TWO MORE PATHOLOGY GROUPS gave up their independence in recent weeks. Both groups were acquired byAurora Diagnostics of Palm Beach Gardens, Florida.
Early in June, Aurora announced the acquisition of Mid-Atlantic Pathology Services, Inc. (MAPS), of Sterling, Virginia. MAPS has four pathologists and serves physicians in Northern Virginia, Maryland, and Washington D.C. This group describes itself as “a full service dermatopathology laboratory.”
Last Thursday, Aurora disclosed an agreement to purchase Hallmark Pathology, P.C., located in Medford, Massachusetts. The group services two community hospitals in Melrose and Reading that are owned by Hallmark Health System. Five pathologists are associated with Hallmark Pathology, which serves Lawrence Memorial Hospital, a 134-bed acute care hospital in Medford, and Melrose-Wakefield Hospital, a 234-bed nonprofit hospital in nearby Melrose, Massachusetts.
Terms Not Announced
No terms for either transaction were disclosed. A closing date for the acquisition of Hallmark Pathology was not provided.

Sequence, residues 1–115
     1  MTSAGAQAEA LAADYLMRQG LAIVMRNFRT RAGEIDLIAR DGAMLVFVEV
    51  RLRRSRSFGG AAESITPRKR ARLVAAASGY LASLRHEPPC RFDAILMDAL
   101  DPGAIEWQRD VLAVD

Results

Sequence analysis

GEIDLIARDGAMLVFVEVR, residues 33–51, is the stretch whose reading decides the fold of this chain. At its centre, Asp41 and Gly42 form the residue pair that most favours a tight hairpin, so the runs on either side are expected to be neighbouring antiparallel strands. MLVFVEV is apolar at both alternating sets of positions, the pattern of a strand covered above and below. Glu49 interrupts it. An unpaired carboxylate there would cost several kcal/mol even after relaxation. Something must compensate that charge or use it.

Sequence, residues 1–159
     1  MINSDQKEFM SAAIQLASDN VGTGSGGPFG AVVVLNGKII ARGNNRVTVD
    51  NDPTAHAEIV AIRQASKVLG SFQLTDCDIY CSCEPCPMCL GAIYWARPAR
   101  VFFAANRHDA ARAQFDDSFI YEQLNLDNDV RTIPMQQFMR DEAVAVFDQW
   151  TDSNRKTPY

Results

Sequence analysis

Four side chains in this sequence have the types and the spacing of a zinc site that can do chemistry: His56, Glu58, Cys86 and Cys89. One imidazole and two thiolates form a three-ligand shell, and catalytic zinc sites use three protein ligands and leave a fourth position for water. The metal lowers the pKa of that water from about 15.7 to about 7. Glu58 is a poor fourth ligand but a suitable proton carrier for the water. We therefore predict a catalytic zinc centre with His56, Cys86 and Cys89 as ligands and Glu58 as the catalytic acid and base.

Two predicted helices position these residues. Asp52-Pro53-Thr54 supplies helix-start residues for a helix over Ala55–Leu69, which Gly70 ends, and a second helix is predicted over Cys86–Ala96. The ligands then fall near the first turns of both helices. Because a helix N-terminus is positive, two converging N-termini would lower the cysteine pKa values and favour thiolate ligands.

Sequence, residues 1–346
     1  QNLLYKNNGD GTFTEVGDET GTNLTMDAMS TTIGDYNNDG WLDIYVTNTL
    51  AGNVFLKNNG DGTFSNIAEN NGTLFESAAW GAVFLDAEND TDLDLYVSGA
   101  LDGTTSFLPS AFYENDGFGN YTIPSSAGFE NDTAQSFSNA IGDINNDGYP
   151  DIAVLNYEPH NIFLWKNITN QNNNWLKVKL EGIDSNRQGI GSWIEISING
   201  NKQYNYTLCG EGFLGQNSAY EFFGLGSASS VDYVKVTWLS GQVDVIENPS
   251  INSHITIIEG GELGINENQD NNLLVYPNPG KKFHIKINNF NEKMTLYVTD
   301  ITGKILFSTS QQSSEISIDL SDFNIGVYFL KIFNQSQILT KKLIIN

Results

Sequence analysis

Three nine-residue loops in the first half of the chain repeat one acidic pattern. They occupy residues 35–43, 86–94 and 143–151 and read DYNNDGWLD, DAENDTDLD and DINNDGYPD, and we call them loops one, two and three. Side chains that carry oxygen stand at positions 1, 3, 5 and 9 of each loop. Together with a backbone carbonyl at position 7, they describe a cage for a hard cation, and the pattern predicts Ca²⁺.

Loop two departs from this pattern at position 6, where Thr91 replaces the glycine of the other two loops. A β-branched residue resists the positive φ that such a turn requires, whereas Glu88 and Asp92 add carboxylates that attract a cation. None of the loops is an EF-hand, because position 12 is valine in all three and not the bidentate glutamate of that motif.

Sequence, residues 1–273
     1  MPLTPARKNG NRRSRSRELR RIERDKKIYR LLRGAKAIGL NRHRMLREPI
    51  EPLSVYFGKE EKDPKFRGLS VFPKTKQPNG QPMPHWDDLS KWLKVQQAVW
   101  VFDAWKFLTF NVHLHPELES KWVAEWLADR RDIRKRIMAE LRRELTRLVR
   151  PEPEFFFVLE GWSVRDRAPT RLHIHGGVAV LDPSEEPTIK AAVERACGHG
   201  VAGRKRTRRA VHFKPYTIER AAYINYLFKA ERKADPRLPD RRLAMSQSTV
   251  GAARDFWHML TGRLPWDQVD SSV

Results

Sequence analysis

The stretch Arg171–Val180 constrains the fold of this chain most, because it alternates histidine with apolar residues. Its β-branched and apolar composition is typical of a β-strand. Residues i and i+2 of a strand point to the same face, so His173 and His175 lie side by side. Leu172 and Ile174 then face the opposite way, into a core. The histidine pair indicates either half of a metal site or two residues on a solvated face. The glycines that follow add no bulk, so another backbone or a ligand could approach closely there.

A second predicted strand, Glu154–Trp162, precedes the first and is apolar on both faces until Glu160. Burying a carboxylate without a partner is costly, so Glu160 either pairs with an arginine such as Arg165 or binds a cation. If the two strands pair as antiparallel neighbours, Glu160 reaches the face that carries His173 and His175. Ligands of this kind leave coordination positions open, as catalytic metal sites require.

The Hallmark deal complements Aurora’s other labs in Massachusetts and New Hampshire. Last fall, Partners HealthCare of Boston agreed to affiliate with Hallmark, a deal that would allow Partners to become the sole corporate owner of Hallmark and integrate the two facilities into its system, according to Becker’s Hospital Review.
Aurora Diagnostics’ announcement of the two acquisitions caught some pathologists by surprise. In recent years, the company posted net losses of $160.8 million in 2012 and $73 million in 2013. During this time it has not been as active in purchasing pathology groups as it had in the years following its organization in 2006.
However, that may be changing. Earlier this year, Aurora’s Executive Vice President Bruce Walton said Aurora has the capital to acquire pathology labs and practices and is seeking strategic opportunities. “Consolidation is coming to our industry and we believe we are well-positioned for that consolidation,” he said.
Consolidation of anatomic pathology groups will be one of the dominant trends in coming years. Shrinking reimbursement and the shift to integrated care organizations will mean less revenue for independent pathology groups.
Particularly vulnerable are smaller anatomic pathology groups that have five or fewer physicians. For these reasons, THE DARK REPORT expects to see a growing number of independent pathology groups take steps to sell or merge. (See TDRs, February 24 and March 17, 2014.)